Germany Now Has So Much Solar Power That Its Electric Prices Are Going Negative

In the Green

Germany has so much energy coming from solar panels that it's outpaced consumer demand and pushed energy prices into a steep nose dive — even going past zero into the negative, according to Business Insider, creating an Alice in Wonderland energy market in which consumers of electricity can be paid to use the extra power.

This price drop is detrimental for solar power producers' bottom line, according to Bloomberg, hence slowing down efforts to expand solar further and stymie larger efforts to reduce carbon emissions.

But the biggest implication is the lack of efficiency. Consumers tend to use the most energy when the Sun isn't shining, such as in the evening when they get home from work, meaning that a lot of power is being wasted.

Sun Flare

The cause behind this steep drop in energy prices is that Germany went on a solar power spree last year, installing a high water mark of 14,280 megawatts of solar power capacity, nearly double compared to the previous year.

The issue isn't confined to Germany. California has experienced the same issue, making energy prices not so golden and slowing the pace of solar panel installations — and progress toward a carbon-neutral future — in the state.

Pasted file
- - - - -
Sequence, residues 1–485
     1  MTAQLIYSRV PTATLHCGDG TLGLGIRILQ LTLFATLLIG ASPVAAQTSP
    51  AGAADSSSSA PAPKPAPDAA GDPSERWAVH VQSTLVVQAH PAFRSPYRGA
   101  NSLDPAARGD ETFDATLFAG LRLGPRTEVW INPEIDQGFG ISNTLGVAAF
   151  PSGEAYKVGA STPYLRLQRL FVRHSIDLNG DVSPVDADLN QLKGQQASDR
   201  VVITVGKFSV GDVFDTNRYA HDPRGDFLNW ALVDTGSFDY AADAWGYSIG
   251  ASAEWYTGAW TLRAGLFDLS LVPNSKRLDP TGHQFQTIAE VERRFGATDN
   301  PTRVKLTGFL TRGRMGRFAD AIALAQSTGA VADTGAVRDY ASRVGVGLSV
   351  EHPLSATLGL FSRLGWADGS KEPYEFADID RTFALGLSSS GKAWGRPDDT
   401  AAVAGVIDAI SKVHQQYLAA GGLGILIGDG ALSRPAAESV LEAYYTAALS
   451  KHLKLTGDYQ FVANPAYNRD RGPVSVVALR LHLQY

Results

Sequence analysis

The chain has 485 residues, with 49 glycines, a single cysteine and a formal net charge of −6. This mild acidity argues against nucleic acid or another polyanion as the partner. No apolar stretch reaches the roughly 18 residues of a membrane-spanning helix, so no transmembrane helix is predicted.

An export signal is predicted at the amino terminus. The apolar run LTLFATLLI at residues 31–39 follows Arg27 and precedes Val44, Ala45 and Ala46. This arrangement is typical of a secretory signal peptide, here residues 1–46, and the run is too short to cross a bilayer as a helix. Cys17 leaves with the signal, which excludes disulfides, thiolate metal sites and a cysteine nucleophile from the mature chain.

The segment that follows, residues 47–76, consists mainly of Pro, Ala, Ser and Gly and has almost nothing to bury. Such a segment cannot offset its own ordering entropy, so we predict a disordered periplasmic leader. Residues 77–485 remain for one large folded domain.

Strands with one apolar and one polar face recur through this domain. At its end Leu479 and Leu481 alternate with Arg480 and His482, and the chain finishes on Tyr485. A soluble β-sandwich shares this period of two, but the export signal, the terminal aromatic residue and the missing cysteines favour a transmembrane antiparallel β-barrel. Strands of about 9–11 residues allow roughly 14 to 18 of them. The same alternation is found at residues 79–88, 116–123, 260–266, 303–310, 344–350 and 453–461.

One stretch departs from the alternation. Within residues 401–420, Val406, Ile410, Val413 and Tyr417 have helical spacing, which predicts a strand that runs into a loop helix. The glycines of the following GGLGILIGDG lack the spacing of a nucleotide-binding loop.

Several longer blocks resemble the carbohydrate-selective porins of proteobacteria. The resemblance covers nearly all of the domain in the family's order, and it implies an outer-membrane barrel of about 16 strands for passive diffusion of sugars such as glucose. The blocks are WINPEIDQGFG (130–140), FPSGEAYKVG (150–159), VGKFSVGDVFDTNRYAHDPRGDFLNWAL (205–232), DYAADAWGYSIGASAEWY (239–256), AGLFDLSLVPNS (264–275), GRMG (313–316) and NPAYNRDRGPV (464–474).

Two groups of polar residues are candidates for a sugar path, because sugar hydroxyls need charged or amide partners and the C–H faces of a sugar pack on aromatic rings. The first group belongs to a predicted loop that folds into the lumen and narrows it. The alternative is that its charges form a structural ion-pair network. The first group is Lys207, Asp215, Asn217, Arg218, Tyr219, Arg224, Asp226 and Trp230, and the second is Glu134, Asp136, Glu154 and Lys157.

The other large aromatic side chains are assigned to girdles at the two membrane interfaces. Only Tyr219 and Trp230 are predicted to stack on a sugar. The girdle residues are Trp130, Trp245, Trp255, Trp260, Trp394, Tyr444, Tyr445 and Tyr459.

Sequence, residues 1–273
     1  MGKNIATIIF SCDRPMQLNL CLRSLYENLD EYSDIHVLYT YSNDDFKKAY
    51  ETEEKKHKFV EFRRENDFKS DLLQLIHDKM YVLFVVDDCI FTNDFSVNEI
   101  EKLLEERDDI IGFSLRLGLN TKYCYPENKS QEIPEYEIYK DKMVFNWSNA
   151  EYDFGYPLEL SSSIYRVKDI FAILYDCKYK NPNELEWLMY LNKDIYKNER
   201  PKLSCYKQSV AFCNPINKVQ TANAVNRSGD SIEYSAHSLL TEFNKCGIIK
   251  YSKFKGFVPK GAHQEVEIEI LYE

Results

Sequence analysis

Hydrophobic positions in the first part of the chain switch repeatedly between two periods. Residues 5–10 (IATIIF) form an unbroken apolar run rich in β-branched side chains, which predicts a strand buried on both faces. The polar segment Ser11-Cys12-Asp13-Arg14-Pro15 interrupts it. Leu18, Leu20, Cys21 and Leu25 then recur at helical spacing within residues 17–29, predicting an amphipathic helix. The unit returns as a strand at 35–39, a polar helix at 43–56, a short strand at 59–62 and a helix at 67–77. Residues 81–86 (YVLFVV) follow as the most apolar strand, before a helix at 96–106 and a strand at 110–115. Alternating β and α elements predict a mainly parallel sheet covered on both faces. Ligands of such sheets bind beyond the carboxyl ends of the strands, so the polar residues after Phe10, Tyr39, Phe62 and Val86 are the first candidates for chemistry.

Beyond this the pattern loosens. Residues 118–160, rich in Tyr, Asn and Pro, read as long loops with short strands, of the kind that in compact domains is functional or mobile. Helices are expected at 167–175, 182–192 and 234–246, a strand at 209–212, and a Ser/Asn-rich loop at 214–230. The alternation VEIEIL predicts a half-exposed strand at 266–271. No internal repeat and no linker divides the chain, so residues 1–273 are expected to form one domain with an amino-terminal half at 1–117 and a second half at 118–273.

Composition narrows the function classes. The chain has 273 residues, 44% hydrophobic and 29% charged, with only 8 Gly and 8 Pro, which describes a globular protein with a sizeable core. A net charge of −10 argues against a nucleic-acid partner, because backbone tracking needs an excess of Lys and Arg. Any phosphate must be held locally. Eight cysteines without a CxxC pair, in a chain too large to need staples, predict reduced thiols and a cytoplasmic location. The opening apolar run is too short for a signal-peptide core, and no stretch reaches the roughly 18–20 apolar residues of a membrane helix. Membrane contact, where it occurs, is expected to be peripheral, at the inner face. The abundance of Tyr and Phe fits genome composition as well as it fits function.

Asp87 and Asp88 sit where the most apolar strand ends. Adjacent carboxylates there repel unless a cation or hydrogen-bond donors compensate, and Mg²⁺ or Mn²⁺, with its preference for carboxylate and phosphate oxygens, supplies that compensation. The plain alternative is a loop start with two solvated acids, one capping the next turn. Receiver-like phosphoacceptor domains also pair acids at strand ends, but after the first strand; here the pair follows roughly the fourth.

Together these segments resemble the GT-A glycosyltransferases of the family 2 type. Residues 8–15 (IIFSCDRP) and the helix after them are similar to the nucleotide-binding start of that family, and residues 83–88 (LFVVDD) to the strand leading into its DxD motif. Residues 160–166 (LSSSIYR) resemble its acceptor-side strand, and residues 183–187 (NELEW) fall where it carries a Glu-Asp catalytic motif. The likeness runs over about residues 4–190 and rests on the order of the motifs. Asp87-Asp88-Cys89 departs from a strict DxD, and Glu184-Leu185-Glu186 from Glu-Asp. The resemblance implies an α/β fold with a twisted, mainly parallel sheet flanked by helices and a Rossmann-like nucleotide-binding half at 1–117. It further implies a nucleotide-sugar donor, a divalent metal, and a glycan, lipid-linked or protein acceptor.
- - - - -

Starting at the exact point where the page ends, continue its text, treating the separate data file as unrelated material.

In the short term, California lawmakers have responded by paying less money to solar producers, which annoyed the sector, and by also having the state grid operator sell its excess energy to neighboring states.

Obviously, the longterm solution is to install energy storage solutions that can store this excess solar energy so that consumers can tap it for cloudy days and in the evening when power demand is historically at its highest.

Until then, states with an excess of solar power will have to ride the tumultuous wave of energy prices going up and down like a roller coaster.

More on solar power: Researchers Say Solar is Getting So Good That People Could Start Quitting the Electric Grid